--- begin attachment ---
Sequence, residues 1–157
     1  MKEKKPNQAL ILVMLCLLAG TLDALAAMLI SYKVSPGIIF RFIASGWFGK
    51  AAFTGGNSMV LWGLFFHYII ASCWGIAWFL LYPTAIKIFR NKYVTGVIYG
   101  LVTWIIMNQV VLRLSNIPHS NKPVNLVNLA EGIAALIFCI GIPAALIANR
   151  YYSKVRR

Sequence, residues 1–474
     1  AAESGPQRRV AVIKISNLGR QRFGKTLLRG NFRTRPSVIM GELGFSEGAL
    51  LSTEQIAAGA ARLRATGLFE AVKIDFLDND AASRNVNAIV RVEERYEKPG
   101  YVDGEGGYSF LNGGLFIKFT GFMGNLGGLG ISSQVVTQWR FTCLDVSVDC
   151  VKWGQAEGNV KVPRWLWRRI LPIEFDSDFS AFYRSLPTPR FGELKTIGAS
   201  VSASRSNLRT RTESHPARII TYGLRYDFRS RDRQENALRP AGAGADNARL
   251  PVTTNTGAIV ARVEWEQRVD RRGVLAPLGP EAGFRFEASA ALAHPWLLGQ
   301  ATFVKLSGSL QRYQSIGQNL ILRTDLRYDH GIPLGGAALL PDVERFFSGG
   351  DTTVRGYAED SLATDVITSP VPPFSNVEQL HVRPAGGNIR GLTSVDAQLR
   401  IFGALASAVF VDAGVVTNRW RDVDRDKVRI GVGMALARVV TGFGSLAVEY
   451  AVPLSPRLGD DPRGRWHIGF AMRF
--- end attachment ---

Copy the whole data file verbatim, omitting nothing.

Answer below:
Sequence, residues 1–157
     1  MKEKKPNQAL ILVMLCLLAG TLDALAAMLI SYKVSPGIIF RFIASGWFGK
    51  AAFTGGNSMV LWGLFFHYII ASCWGIAWFL LYPTAIKIFR NKYVTGVIYG
   101  LVTWIIMNQV VLRLSNIPHS NKPVNLVNLA EGIAALIFCI GIPAALIANR
   151  YYSKVRR

Sequence, residues 1–474
     1  AAESGPQRRV AVIKISNLGR QRFGKTLLRG NFRTRPSVIM GELGFSEGAL
    51  LSTEQIAAGA ARLRATGLFE AVKIDFLDND AASRNVNAIV RVEERYEKPG
   101  YVDGEGGYSF LNGGLFIKFT GFMGNLGGLG ISSQVVTQWR FTCLDVSVDC
   151  VKWGQAEGNV KVPRWLWRRI LPIEFDSDFS AFYRSLPTPR FGELKTIGAS
   201  VSASRSNLRT RTESHPARII TYGLRYDFRS RDRQENALRP AGAGADNARL
   251  PVTTNTGAIV ARVEWEQRVD RRGVLAPLGP EAGFRFEASA ALAHPWLLGQ
   301  ATFVKLSGSL QRYQSIGQNL ILRTDLRYDH GIPLGGAALL PDVERFFSGG
   351  DTTVRGYAED SLATDVITSP VPPFSNVEQL HVRPAGGNIR GLTSVDAQLR
   401  IFGALASAVF VDAGVVTNRW RDVDRDKVRI GVGMALARVV TGFGSLAVEY
   451  AVPLSPRLGD DPRGRWHIGF AMRF